Imagine you are walking down the street, minding your own business and enjoying a leisurely stroll in peace and quiet. Around the corner comes a parent walking their small (or not so small) child by the hand. Suddenly, the child breaks free and comes rushing at you, waving a knife and yelling, “&^%#* you, go away! %$#@&! Get away, you %$#&*@!” The parent shrugs, smiling as he or she says, “Oh, don’t worry, he doesn’t mean it. He just does that at first, he’ll calm down.”
Of course, it’s nice to know that Junior isn’t likely to actually stab us while he’s hurling curses at our heads. But none of us would think there wasn’t something very wrong—seriously wrong—with this picture. Maybe the kid has his reasons—very good reasons. Maybe he’s got issues, or was recently attacked by another kid, or he’s afraid of people wearing hats. Maybe he never will stab anyone, ever. None of that really helps.
The problem is, as greetings go, waving a knife and cussing isn’t friendly or even neutral. It’s emotionally charged. And emotionally charged greetings tend to elicit emotionally charged responses in the animal receiving them. Which means by the time Mum or Pop have explained that Junior doesn’t really mean it and wouldn’t really do it, it’s far, far too late. I’ve seen a knife, been cussed at and my heart is already racing. Now I’m upset and I’m ready to fight back, no matter what excuses come out of the parent’s mouth. I’m an animal with a Fight/Flight System, too, and one that will readily over-ride rational thought to protect myself from a perceived threat. This is not, as they say, the beginning of a beautiful friendship.
If we map this on to dogs… oh dear.
As a professional trainer and a pet owner, I’m amazed at how much we have made a mess of this—in both directions. On-leash reactivity—dogs that get overly excited, bark or lunge when they see another dog on leash—is one of the most common behavior problems that I and many trainers hear about. And yet, I really wish we heard more about it. If Dogs Greeting Badly is bad enough, maybe worse are the pet parents who believe:
1) “Oh, well, Feisty is like that,” and since Feisty doesn’t actually stab anyone, it’s okay (especially if Feisty is a small-breed dog)
2) gentle, well-mannered Sadie should tolerate that kind of crud from every dog she meets, because “good dogs” suck it up and ignore the knife and the cussing like Saint Lassie on a cracker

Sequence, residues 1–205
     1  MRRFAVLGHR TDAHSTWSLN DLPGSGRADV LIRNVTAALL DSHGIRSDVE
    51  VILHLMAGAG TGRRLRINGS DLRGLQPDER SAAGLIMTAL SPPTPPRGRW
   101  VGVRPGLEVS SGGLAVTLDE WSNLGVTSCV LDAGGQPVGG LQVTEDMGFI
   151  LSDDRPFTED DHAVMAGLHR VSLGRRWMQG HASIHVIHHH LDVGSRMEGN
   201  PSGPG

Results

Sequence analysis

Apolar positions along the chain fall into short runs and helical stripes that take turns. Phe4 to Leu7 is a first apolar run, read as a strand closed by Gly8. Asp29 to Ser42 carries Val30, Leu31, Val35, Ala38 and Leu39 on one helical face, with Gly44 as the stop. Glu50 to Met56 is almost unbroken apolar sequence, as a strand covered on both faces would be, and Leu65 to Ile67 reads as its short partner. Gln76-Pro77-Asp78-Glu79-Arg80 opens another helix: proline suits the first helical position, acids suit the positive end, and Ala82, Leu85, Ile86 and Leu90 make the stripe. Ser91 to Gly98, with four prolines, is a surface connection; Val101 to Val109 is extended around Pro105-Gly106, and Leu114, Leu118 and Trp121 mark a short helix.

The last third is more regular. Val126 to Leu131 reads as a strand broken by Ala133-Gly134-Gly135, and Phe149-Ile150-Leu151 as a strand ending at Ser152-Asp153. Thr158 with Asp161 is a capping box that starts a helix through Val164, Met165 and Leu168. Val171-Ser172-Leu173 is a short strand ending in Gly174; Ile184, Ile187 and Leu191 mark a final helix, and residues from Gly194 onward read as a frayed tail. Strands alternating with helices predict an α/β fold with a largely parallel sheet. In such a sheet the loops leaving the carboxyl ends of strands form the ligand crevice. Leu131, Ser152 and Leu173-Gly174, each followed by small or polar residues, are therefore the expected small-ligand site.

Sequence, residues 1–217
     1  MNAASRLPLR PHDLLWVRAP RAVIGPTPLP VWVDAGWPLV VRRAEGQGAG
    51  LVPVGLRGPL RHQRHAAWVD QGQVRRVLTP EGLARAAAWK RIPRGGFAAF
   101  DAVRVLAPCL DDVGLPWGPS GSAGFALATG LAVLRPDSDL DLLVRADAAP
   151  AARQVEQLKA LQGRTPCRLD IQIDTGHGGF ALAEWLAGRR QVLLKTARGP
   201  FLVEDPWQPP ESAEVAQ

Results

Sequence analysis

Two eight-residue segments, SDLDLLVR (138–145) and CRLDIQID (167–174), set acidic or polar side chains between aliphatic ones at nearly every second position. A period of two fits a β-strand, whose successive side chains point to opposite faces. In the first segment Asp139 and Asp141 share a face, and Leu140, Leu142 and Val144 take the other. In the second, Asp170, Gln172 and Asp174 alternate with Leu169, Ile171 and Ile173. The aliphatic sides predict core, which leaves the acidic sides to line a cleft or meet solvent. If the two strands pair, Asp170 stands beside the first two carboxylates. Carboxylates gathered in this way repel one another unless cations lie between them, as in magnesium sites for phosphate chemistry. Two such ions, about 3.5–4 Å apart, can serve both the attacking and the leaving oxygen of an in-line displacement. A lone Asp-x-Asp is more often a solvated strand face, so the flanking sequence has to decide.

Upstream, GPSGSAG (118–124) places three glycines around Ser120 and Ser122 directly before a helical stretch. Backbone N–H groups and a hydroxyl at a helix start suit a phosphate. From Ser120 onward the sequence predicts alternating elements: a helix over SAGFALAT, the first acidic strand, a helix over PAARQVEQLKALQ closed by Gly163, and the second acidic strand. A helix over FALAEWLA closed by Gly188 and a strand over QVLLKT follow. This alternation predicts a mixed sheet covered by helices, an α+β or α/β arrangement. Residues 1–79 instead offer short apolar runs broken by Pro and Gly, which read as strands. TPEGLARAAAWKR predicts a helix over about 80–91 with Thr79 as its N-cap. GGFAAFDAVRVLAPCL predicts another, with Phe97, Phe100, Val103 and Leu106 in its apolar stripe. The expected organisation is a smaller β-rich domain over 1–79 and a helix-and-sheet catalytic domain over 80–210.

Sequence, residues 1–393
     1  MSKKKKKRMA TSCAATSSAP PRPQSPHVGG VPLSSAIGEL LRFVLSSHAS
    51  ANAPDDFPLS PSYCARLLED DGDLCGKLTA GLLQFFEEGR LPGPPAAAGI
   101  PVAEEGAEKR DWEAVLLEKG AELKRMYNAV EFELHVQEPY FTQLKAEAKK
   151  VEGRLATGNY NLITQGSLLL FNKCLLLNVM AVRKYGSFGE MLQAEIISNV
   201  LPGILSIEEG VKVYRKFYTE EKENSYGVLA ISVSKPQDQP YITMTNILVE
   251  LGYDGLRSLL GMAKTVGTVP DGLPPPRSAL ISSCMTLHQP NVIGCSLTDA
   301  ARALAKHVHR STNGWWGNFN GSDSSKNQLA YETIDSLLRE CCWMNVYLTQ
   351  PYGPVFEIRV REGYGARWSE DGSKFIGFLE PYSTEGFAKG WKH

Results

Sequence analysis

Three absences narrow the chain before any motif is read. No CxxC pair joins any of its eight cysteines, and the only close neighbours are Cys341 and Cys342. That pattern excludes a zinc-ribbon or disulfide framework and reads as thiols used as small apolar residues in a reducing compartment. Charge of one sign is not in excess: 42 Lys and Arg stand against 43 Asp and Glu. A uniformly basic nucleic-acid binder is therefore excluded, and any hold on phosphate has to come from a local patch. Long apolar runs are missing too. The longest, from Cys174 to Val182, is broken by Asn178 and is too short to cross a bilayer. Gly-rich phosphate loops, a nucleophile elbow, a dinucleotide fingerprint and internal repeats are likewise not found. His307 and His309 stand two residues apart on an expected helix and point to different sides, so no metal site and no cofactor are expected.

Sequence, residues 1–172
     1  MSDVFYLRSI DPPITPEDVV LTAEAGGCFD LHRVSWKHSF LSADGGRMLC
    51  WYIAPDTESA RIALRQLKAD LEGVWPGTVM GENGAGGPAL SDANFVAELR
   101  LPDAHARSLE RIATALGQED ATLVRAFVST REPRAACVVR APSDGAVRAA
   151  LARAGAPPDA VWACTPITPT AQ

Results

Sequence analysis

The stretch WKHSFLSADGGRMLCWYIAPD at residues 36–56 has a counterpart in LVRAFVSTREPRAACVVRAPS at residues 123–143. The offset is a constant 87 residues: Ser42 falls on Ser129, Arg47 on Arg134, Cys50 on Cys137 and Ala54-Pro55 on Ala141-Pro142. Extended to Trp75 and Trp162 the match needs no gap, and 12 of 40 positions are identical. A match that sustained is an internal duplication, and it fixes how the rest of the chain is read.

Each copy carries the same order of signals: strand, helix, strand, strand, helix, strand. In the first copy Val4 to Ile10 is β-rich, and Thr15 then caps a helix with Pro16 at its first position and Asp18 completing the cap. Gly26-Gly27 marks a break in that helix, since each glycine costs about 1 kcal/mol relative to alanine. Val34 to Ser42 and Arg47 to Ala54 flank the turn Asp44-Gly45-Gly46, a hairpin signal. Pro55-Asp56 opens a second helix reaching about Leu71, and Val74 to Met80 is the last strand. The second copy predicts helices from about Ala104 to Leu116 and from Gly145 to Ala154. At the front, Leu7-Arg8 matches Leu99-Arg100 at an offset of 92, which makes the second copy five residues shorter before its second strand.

Alas, both of these views get me downright crazy, because with them we’re missing something. Seriously missing something important. And in a word, it’s Empathy.
Dogs are emotional animals. They share with us and other higher mammals primary emotions like fear, anger, frustration and joy. And as we learn more and more about our brains and emotional circuitry, one thing is becoming increasingly obvious: an event doesn’t have to cause us physical injury to do real damage. Traumatic events that result in great fear can do very real harm. Fear, anxiety and other kinds of acute or chronic stress messes with our brain chemistry, derails healthy brain function and just plain hurts. This is true for our dogs as well.
And dogs, like us, come in a wide variety and range of temperaments, abilities and social skills: they are all individuals. One of the hotter trends in canine research right now has to do with the notion of personality in dogs, and though researchers are still challenged by how to describe and capture the essences, pretty much everyone agrees that there are essences to capture. Dogs vary greatly in traits like boldness/shyness (our introversion or extroversion), resilience and sensitivity, even optimism and pessimism. So, as with people, one dog’s Traumatic Event may be another dog’s So What? and neither dog is a bad dog. In behavior, the fairest comparisons we can find are either statistical or functional: we can say if the response is typical/average (in the fat of the bell curve) and we can say something about if the response works—if it’s adaptive in the animal’s best interests and quality of life. Judgments about “good/bad” or “right/wrong” don’t tend to get us anywhere helpful, especially when it comes to emotions.
So here we are with Feisty nutting up on the end of a leash, barking and snarling while another dog walks by with her owner. Let’s say Feisty’s owners let their snarling dervish drag them over because Feisty is always like that and anyhow he never bites, he’ll calm down. Here’s what we know so far:
1. Feisty is emotionally upset (calm, relaxed, happy dogs don’t bark, snarl and lunge)
2. Feisty is sending emotionally charged social signals to the other dog (bark, snarl and lunge are neither friendly not polite)
3. Feisty is rehearsing being upset and sending charged social signals (practice makes perfect)
4. Feisty’s behavior is being reinforced (We know that because he keeps doing it: behavior that’s rewarded increases in frequency, duration and intensity)